A multi-million dollar tax windfall isn’t the only gift President Trump handed himself and his family this year—and Americans have picked up the tab:

—The Administration illegally blocked a pesticide ban that lobbyists representing President Trump’s golf club managers opposed.  In 2016, EPA experts determined that every use of the pesticide chlorpyrifos is harmful and issued a proposed rule revoking all previously-issued “tolerances” of its use, including on golf courses to limit mosquitoes.  Originally developed as a nerve gas by Nazi Germany, chlorpyrifos has been found to damage the brain and cause tremors among children.  But the Trump Administration stopped the pending ban in its tracks, and in April 2017, environmental protection groups asked a court to force EPA to act.  The Trump Organization owns or manages 12 golf courses in the United States, and in 2005, Trump gave up on building a course in Westchester, New York after battling community opposition to the project for nine years.  The main subject of the dispute?  Pesticides.

SIDEBAR: In 2016, Golf Course Superintendents Association of America sent a letter to EPA opposing the chlorpyrifos ban, and the group considers preventing pesticide bans a “top priority for GCSAA and its members” in 2017.  The industry lobbying group’s members include managers running President Trump’s golf clubs.

—The Administration illegally rolled back a rule designed to prevent private landlords from using housing vouchers to artificially inflate rents.  In 2016, the Department of Housing and Urban Development (HUD) issued the Small Area Fair Market Rule to help low-income families move to neighborhoods with more opportunities.  As part of the rule, HUD planned to set the value of a public housing voucher by considering rent prices in a neighborhood, rather than an entire city.  By making vouchers more responsive to local market conditions, the rule was designed to decrease housing segregation and prevent landlords in high poverty areas from using the Section 8 program to significantly inflate rents.  But, in August, the Trump Administration rolled back the rule virtually everywhere it applied.  The move will make it harder for children in low-income families to attend higher performing public schools but could boost Jared Kushner’s bottom line.  The President’s son-in-law owns several apartment complexes that have received at least $6.1 million from HUD housing vouchers since 2015.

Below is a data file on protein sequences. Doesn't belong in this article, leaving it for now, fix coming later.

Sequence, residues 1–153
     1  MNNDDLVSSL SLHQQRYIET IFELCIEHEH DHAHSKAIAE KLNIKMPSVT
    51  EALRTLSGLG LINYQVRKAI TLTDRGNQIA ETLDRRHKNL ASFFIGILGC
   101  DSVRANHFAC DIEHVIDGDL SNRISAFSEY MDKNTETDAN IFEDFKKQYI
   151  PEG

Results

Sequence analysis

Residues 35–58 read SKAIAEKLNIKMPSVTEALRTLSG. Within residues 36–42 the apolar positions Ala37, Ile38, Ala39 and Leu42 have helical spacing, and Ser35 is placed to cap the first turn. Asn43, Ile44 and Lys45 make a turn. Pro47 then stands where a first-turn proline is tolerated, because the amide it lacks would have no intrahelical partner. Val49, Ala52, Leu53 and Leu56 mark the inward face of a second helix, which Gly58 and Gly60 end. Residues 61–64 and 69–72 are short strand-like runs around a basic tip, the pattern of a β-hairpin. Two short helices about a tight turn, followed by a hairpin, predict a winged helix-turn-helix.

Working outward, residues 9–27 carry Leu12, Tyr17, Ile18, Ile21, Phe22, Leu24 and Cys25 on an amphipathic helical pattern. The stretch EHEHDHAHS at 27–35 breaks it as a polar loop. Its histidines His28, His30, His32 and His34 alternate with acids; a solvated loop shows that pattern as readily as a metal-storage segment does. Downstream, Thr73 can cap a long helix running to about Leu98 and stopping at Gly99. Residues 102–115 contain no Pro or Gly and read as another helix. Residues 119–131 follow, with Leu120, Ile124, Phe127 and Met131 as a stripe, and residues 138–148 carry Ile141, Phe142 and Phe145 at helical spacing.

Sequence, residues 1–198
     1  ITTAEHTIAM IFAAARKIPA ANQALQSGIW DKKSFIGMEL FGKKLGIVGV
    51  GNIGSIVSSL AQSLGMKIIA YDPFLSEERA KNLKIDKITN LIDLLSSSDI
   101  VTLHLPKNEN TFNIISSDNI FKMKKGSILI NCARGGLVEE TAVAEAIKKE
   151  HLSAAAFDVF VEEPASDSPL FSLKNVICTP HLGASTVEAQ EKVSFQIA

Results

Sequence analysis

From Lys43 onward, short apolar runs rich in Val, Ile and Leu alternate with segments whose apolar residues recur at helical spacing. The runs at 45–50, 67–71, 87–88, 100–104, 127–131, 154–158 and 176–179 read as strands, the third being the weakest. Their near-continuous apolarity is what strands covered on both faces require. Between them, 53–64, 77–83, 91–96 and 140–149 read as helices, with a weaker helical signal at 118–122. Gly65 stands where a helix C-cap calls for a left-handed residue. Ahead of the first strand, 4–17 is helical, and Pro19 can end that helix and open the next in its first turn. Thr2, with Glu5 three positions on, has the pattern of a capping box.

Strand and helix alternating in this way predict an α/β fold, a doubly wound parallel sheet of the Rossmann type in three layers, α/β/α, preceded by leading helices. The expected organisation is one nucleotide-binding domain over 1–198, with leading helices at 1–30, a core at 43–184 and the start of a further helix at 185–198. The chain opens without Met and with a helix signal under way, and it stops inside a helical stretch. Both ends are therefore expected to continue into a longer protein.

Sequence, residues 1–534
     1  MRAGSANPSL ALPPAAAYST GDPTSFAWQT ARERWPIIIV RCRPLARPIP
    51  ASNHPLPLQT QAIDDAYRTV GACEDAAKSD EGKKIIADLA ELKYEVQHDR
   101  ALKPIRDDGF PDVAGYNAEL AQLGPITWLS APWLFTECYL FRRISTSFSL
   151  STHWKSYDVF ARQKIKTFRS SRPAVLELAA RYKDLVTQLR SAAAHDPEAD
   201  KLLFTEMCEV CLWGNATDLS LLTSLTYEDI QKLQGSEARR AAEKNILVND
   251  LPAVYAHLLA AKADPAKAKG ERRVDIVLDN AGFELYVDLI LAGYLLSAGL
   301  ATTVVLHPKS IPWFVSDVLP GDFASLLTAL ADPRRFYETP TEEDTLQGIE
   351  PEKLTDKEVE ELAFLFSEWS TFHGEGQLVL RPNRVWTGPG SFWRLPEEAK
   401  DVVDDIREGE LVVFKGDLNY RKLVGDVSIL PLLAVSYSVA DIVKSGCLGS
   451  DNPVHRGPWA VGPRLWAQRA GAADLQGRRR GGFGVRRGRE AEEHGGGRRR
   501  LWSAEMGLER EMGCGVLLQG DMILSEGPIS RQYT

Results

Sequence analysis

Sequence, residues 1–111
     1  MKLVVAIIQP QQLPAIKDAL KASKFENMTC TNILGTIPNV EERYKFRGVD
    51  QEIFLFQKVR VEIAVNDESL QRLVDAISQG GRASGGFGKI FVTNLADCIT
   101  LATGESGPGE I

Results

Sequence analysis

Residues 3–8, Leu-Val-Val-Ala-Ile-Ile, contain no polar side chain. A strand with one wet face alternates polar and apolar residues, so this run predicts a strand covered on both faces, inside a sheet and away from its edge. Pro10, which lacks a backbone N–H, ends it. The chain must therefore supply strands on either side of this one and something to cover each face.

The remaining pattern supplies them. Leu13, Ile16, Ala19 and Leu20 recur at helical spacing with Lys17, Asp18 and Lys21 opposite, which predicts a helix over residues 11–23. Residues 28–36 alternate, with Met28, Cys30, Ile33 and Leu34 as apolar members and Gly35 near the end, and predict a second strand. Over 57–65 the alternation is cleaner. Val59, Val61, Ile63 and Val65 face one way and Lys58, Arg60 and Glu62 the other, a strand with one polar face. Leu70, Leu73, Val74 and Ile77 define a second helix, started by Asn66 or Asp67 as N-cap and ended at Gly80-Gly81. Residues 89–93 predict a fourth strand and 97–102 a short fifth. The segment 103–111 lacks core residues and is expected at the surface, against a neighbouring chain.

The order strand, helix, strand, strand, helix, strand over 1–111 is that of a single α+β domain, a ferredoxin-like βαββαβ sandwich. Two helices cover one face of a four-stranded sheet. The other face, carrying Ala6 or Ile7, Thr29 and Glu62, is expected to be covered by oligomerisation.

SIDEBARThe Administration’s gift to landlords wasn’t just bad policy, it also violated federal law. As Open Community Alliance asserts in its suit against the Administration, HUD’s suspension of the Small Area Fair Market Rule violated the Administrative Procedure Act in “multiple ways,” including by failing to provide “new evidence support[ing] its changing of course” and acting “without observance of procedure required by law.”

—President Trump proposed a new rule empowering hotel and restaurant owners to pocket employee tips.  Earlier this month, the Trump Administration announced its plan to rescind a 2011 rule prohibiting employers from unilaterally redistributing tips as a way to avoid increasing wages for non-tipped workers.  But President Trump’s plan doesn’t just eliminate the 2011 wage protections, it makes tipped workers even worse off by explicitly allowing employers to pocket employee tips if they pay tipped workers the minimum wage.  The Trump Organization manages numerous hotels and restaurants, and in 2015 a class action lawsuit was filed against (now) President Trump, Ivanka Trump, and Donald Trump Jr., alleging they violated state labor regulations by illegally withholding the entirety of a 22 percent “service fee” from hotel employees.  The case is pending.

SIDEBAREconomists have estimated employers would pocket $5.8 billion of workers’ tips under the Trump Administration’s proposed rule.  But in their proposal, the Department of Labor provided no analysis of this cost to workers.  The failure to accurately account for the anticipated costs of eliminating the rule could run afoul of regulatory requirements for cost/benefit analysis.

—President Trump is rolling back protections for children exposed to dangerous levels of lead in apartment buildings.  On January 13, 2017, HUD published a rule to protect young children who live in federally-owned or -assisted housing from lead poisoning.  In part, the rule lowered the threshold for when HUD considers a child’s level of lead in their blood to be “elevated,” aligning HUD standards with Centers for Disease Control guidelines.  The rule also established more comprehensive testing and evaluation procedures that require landlords to take action if a child’s blood lead level exceeds those updated standards.  The Trump Administration recently announced they plan to issue an interim final rule to rescind critical elements of these protections.

SIDEBARPresident Trump owns a four percent stake in Starrett City, one of the largest public housing complexes in the country.  The housing complex was built in 1973 and has a project-based housing contract with HUD, making Starrett City subject to the updated lead poisoning protection rule.  Since 2013, the partnership that owns Starrett City has received more than $490 million in subsidies from HUD, including almost $38 million since President Trump took office.